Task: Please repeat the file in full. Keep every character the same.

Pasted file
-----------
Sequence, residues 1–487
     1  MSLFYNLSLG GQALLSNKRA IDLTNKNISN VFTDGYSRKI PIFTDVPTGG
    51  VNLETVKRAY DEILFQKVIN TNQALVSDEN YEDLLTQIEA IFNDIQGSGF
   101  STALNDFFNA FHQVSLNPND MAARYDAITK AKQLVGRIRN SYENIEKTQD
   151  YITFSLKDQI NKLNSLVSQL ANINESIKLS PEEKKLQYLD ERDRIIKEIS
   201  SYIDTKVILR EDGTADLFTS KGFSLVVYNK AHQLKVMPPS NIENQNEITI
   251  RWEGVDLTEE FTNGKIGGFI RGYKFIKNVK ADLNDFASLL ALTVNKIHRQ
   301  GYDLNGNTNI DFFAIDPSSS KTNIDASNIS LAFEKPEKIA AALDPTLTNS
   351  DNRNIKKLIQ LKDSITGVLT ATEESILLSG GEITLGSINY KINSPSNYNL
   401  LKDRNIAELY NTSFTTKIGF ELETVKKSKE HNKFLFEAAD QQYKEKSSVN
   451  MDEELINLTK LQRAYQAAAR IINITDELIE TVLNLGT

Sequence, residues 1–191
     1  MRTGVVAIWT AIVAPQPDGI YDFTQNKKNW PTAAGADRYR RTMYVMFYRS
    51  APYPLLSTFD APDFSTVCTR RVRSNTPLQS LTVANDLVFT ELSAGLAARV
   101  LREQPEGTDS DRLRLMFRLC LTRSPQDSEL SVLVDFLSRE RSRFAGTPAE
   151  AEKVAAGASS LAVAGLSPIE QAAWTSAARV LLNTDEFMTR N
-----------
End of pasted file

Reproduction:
Sequence, residues 1–487
     1  MSLFYNLSLG GQALLSNKRA IDLTNKNISN VFTDGYSRKI PIFTDVPTGG
    51  VNLETVKRAY DEILFQKVIN TNQALVSDEN YEDLLTQIEA IFNDIQGSGF
   101  STALNDFFNA FHQVSLNPND MAARYDAITK AKQLVGRIRN SYENIEKTQD
   151  YITFSLKDQI NKLNSLVSQL ANINESIKLS PEEKKLQYLD ERDRIIKEIS
   201  SYIDTKVILR EDGTADLFTS KGFSLVVYNK AHQLKVMPPS NIENQNEITI
   251  RWEGVDLTEE FTNGKIGGFI RGYKFIKNVK ADLNDFASLL ALTVNKIHRQ
   301  GYDLNGNTNI DFFAIDPSSS KTNIDASNIS LAFEKPEKIA AALDPTLTNS
   351  DNRNIKKLIQ LKDSITGVLT ATEESILLSG GEITLGSINY KINSPSNYNL
   401  LKDRNIAELY NTSFTTKIGF ELETVKKSKE HNKFLFEAAD QQYKEKSSVN
   451  MDEELINLTK LQRAYQAAAR IINITDELIE TVLNLGT

Sequence, residues 1–191
     1  MRTGVVAIWT AIVAPQPDGI YDFTQNKKNW PTAAGADRYR RTMYVMFYRS
    51  APYPLLSTFD APDFSTVCTR RVRSNTPLQS LTVANDLVFT ELSAGLAARV
   101  LREQPEGTDS DRLRLMFRLC LTRSPQDSEL SVLVDFLSRE RSRFAGTPAE
   151  AEKVAAGASS LAVAGLSPIE QAAWTSAARV LLNTDEFMTR N